STATE of NH v. DENNIS PRATTE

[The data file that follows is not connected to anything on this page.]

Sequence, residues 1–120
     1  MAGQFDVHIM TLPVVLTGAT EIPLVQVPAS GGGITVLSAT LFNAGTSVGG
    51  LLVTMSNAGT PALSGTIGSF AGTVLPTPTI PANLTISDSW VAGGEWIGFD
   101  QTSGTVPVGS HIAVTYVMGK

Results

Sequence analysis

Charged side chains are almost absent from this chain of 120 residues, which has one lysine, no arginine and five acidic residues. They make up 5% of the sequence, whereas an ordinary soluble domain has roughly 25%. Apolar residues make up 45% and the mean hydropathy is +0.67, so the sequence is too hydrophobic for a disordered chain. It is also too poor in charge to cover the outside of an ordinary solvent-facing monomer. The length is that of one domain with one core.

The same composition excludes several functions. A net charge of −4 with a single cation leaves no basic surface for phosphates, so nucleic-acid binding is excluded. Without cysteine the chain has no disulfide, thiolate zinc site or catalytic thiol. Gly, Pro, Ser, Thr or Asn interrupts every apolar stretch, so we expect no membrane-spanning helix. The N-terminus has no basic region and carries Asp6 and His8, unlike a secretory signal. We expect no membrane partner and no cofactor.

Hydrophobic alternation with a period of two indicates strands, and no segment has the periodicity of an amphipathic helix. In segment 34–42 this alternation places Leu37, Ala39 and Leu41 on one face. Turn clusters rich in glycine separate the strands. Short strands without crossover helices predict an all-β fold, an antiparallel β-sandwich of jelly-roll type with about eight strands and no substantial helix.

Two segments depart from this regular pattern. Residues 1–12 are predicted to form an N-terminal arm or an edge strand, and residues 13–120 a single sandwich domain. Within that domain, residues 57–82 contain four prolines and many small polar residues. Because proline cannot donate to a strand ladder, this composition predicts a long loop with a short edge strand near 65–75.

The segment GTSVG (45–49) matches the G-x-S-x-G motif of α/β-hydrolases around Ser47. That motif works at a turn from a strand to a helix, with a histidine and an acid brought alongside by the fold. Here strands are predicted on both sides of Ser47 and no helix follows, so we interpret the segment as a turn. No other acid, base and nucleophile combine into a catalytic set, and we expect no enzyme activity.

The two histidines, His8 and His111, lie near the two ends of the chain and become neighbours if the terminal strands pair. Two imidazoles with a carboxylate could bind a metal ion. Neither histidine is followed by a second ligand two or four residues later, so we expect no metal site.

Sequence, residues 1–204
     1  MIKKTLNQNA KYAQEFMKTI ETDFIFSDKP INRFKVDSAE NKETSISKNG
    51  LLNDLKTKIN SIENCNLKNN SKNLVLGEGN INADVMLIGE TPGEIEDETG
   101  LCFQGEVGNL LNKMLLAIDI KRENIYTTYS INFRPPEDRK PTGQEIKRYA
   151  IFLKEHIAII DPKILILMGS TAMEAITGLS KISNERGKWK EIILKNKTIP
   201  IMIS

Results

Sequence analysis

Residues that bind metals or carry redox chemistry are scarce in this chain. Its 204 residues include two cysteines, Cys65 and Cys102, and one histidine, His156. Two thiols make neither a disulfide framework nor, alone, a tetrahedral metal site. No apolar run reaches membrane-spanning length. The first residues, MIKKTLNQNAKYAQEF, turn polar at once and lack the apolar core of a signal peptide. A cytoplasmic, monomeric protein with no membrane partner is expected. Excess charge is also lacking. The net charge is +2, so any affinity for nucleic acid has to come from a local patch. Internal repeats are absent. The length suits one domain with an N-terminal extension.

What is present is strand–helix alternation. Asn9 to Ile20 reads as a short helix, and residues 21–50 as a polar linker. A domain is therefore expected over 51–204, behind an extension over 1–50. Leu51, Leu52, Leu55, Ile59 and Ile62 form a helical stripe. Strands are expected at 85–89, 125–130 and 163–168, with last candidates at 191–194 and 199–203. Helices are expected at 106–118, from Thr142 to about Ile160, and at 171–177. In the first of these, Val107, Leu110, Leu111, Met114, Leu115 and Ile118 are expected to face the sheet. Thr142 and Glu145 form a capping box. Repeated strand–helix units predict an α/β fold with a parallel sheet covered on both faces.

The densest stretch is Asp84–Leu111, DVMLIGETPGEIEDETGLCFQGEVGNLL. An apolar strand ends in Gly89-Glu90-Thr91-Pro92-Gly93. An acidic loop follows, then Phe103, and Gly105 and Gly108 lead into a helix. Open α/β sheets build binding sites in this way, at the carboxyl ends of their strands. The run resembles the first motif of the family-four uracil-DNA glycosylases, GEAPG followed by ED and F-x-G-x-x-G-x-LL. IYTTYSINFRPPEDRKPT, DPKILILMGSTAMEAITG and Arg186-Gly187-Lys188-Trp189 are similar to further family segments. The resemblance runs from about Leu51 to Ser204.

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NOTICE: This opinion is subject to motions for rehearing under Rule 22 as well as formal revision before publication in the New Hampshire Reports. Readers are requested to notify the Reporter, Supreme Court of New Hampshire, One Charles Doe Drive, Concord, New Hampshire 03301, of any editorial errors in order that corrections may be made before the opinion goes to press. Errors may be reported by E-mail at the following address: reporter@courts.state.nh.us. Opinions are available on the Internet by 9:00 a.m. on the morning of their release. The direct address of the court's home page is: http://www.courts.state.nh.us/supreme. THE SUPREME COURT OF NEW HAMPSHIRE ___________________________ Rockingham No. 2007-923 THE STATE OF NEW HAMPSHIRE v. DENNIS PRATTE Argued: October 15, 2008 Opinion Issued: November 6, 2008 Kelly A. Ayotte, attorney general (Francesca Stabile, attorney, on the brief and orally), for the State. Jeffco, Starbranch & Soldati, of Portsmouth (Harry N. Starbranch, Jr., on the brief and orally), for the defendant. GALWAY, J. The defendant, Dennis Pratte, appeals the denial of his motion for judgment notwithstanding the verdict (JNOV) by the Superior Court (Nadeau, J.), following his conviction for being a felon in possession of a deadly weapon. See RSA 159:3, I (2002). We reverse. The facts are not in dispute. At trial, the State introduced evidence that the defendant had a bow, with several arrows, hanging on a rack on a wall in a recreational room in his residence, and had additional arrows located within the residence. The State also presented evidence that the defendant had used the bow and arrow to shoot and kill a porcupine on his property at some point in the past. The defendant was convicted by a jury of being a felon in possession of a deadly weapon. Subsequently, the defendant moved for JNOV. The trial court denied the motion. On appeal, the defendant does not dispute that he possessed the bow and arrows, nor that he is precluded from possessing a deadly weapon because he is a felon. See RSA 159:3, I. The primary issue before us is whether, under the circumstances of this case, any rational trier of fact could have found that the bow and arrow constitutes a deadly weapon. In considering a motion for JNOV, the trial court cannot weigh the evidence or inquire into the credibility of the witnesses, and if the evidence adduced at trial is conflicting, or if several reasonable inferences may be drawn, the motion should be denied. State v. Spinale, 156 N.H. 456, 463 (2007). The jury s verdict should be upheld unless no rational trier of fact could find guilt beyond a reasonable doubt, considering all the evidence and all reasonable inferences therefrom in the light most favorable to the State. Id. (quotation omitted). The question of whether JNOV is required because of the insufficiency of the evidence is a question of law. State v. O Neill, 134 N.H. 182, 184 (1991). On appeal, we objectively review the record to determine whether any rational trier of fact could have found the essential elements of the crime beyond a reasonable doubt. Spinale, 156 N.H. at 464 (quotations omitted). Resolution of this issue requires that we engage in statutory interpretation. In matters of statutory interpretation, we are the final arbiter of the intent of the legislature as expressed in the words of a statute considered as a whole. State v. Gallagher, 157 N.H. ___, ___, 951 A.2d 130, 131 (2008). We first examine the language of the statute, and, where possible, we apply the plain and ordinary meanings to the words used. Id. We interpret legislative intent from the statute as written and will not consider what the legislature might have said or add language that the legislature did not see fit to include. State v. Langill, 157 N.H. 77, 84 (2008). We construe all parts of a statute together to effectuate its overall purpose and avoid an absurd or unjust result. Franklin v. Town of Newport, 151 N.H. 508, 510 (2004). Moreover, we do not consider the words and phrases in isolation, but rather within the context of the statute as a whole. Grand China v. United Nat l Ins. Co., 156 N.H. 429, 431 (2007). RSA 159:3, I, provides that a person is guilty of a class B felony if he [o]wns or has in his possession or under his control, a pistol, revolver, or other firearm, or slungshot, metallic knuckles, billies, stiletto, switchblade knife, sword cane, pistol cane, blackjack, dagger, dirk-knife, or other deadly weapon as defined in RSA 625:11, V and has been convicted of a proscribed felony. A bow and arrow is not one of the enumerated weapons under RSA 159:3, I(a); therefore, to be considered a deadly weapon for purposes of that statute, a 2 bow and arrow must fall within the definition of a deadly weapon under RSA 625:11, V (2007). RSA 625:11, V defines deadly weapon as any firearm, knife or other substance or thing which, in the manner it is used, intended to be used, or threatened to be used, is known to be capable of producing death or serious bodily injury. Thus, the State was required to prove not only that the defendant possessed the bow and arrow, but that in the manner the defendant used, intended to use, or threatened to use the bow and arrow, it was capable of producing death or serious bodily injury. The State asserts that it satisfied this element by proving that the defendant actually used the bow and arrow in the past to cause a death, the death of the porcupine. Thus, the State contends that the death of an animal in the past is sufficient to prove that the defendant used the bow and arrow in a manner capable of producing death or serious bodily injury for purposes of RSA 625:11, V. The defendant, however, argues that RSA 625:11, V should be construed to include only death or serious bodily injury to a human, not that of an animal. We agree with the defendant. RSA 625:11, V does not specify that the phrase death or serious bodily injury pertains to a human being. However, to hold otherwise renders the statute impermissibly vague as such an expansive interpretation would not provide the ordinary person with adequate notice of those substances or things which would constitute a deadly weapon. A statute is not unconstitutionally vague as long as its prohibitions are set out in terms that the ordinary person exercising ordinary common sense can sufficiently understand and comply with. State v. Lamarche, 157 N.H. 337, 340 (2008) (quotations omitted). The underlying principle of vagueness is that no person should be held criminally responsible for conduct which he or she could not reasonably understand to be proscribed. Id. at 340-41 (brackets and quotation omitted). Taking the State s interpretation to its logical conclusion, any substance or thing used to produce the death of any living thing is a deadly weapon under RSA 625:11, V. For example, a person using poison to rid his residence of rodents or some other pest has clearly used a substance to produce a death. Under the State s interpretation, he or she would be in possession of a deadly weapon and, with the requisite underlying conviction, may be convicted of being a felon in possession of a deadly weapon pursuant to RSA 159:3, I. Reading RSA 625:11, V with an ordinary level of common sense, we cannot conclude that an ordinary person would understand this statute to mean that the use of such an item would constitute possession of a deadly weapon. Under the State s interpretation, the terms death and serious bodily injury are simply too vague to adequately notify the ordinary person of what may be included under the statute, thus ultimately rendering the statute unconstitutional. [A] statute will not be construed to be unconstitutional, where it is susceptible to a construction rendering it constitutional. State v. 3 Pierce, 152 N.H. 790, 793 (2005) (brackets and quotation omitted). Here, the more logical reading of the statute, and the constitutionally permissible one, is to interpret RSA 625:11, V as limited to causing death or serious bodily injury to a human. If the legislature did not intend this interpretation, it is free to amend the language of the statute as it sees fit. In the Matter of LaRue & Bedard, 156 N.H. 378, 381 (2007) To the extent the State argues that a bow and arrow is inherently a deadly weapon, we disagree. The State, relying solely upon an unpublished decision from Delaware, argues that because a bow and arrow is a weapon designed to kill its target, it is a deadly weapon. This interpretation ignores the plain language of both RSA 159:3, I, and RSA 625:11, V. RSA 159:3, I, requires that any item not specifically enumerated in the statute as a deadly weapon, like a bow and arrow, also satisfy RSA 625:11, V. That statute defines deadly weapon, in part, as any substance or thing which in the manner it is used, intended to be used, or threatened to be used, is known to be capable of producing death or serious bodily injury. RSA 625:11, V. However, the State s interpretation requires that we ignore whether, in the manner this defendant used, intended to use, or threatened to use this bow and arrow, it was known to be capable of causing death or seriously bodily injury, and instead end our inquiry with whether the bow and arrow, independent of any action by the defendant, is capable of doing so. In essence, the State would have us add to the enumerated list of deadly weapons specified in RSA 159:3, I, any object that is capable of causing death or serious bodily injury to any thing. The plain language of RSA 159:3, I, and RSA 625:11, V prohibits this result. As we have previously stated, it is the manner in which the other substance or thing is used, and the circumstances surrounding its use, that makes it a deadly weapon under RSA 625:11, V. See State v. Hull, 149 N.H. 706, 714 (2003). Thus, this determination requires more than the limited examination of the object itself suggested by the State. Id. at 714-15. With this interpretation of RSA 625:11, V, we now examine whether a rational trier of fact, viewing all of the evidence and all reasonable inferences from it in the light most favorable to the State, could have found that this defendant was in possession of a deadly weapon beyond a reasonable doubt. See Spinale, 156 N.H. at 464. We conclude that the evidence was insufficient. Viewed in the light most favorable to the State, the only evidence in this case demonstrating actual use involved the use of the bow and arrow to kill a porcupine. There was no evidence presented from which any rational trier of fact could have concluded that the manner in which the defendant used, intended to use, or threatened to use the bow and arrow was known to be capable of causing the death of, or serious bodily injury to, a human. Because the death of the porcupine, standing alone, was insufficient to convict the defendant under RSA 159:3, I, the trial court erred in denying his request for JNOV. 4 The defendant also argues that the indictment was insufficient as a matter of law. However, because we conclude that the defendant did not possess a deadly weapon, we need not address this issue. See Gill v. Gerrato, 156 N.H. 595, 599 (2007). Reversed. BRODERICK, C.J., and DUGGAN and HICKS, JJ., concurred; DALIANIS, J., dissented. DALIANIS, J., dissenting. I would affirm the conviction of the defendant because, unlike the majority, I believe that the bow and arrow that he used to kill a porcupine is a deadly weapon. See RSA 159:3, I (2002); RSA 625:11, V (2007). To my mind, a bow and arrow that has killed an animal has been used in a manner in which it is known to be capable of producing death or serious bodily injury to a human being. RSA 625:11, V. Had a human being been in the porcupine s place, the human being would at least have suffered a serious bodily injury. The defendant, therefore, used the bow and arrow in a manner that is known to be capable of seriously injuring or killing a human being. A deadly weapon as defined in RSA 625:11, V is any firearm, knife or other substance or thing which, in the manner it is used, intended to be used, or threatened to be used, is known to be capable of producing death or serious bodily injury. The critical phrase is the manner [in which an object] is used, intended to be used, or threatened to be used, [it] is known to be capable of producing death or serious bodily injury. State v. Hull, 149 N.H. 706, 714 (2003). An innocuous object can become a deadly weapon when it is used to assault someone. Id.; see State v. Kiluk, 120 N.H. 1, 5 (1980) (dinner fork is deadly weapon when used to stab someone in eye). To be a deadly weapon, the object need not be intrinsically capable of causing death or injury. Hull, 149 N.H. at 715. Nor does it have to actually cause injury. Id. Rather, whether it has been used, intended to be used or threatened to be used in a manner that is known to be capable of killing or causing serious bodily injury to someone must be evaluated in light of what did happen rather than the conjecture about what might have happened if the facts had been different than they were. Id. (quotation omitted). While I agree with the majority that to be a deadly weapon the object must have been used, threatened to be used, or intended to be used in such a manner that is known to be capable of killing or seriously injuring a human, I believe that the bow and arrow in this case meets this definition. Here, the defendant used his bow and arrow to kill a porcupine. Using it in this manner to kill a living thing is a use that is known to be capable of 5 killing or causing serious bodily injury to a person. A mouse trap would not be a deadly weapon because, even if it were used to kill a mouse, the manner in which it was used to do this is not known to be capable of killing or causing serious bodily injury to a human. A human would not be killed or seriously injured by a mouse trap in the same way that a mouse would be. By contrast, a human would be killed or seriously injured by a bow and arrow in the exact same way that the porcupine in this case was killed. Given my interpretation of RSA 625:11, V, I believe that a rational trier of fact, viewing all of the evidence in the light most favorable to the State, could have found beyond a reasonable doubt that the defendant possessed a deadly weapon. A rational trier of fact could have concluded that the manner in which the defendant used the bow and arrow to kill a porcupine is known to be capable of causing the death of, or serious bodily injury to, a human. For these reasons, therefore, I would affirm the defendant s conviction. 6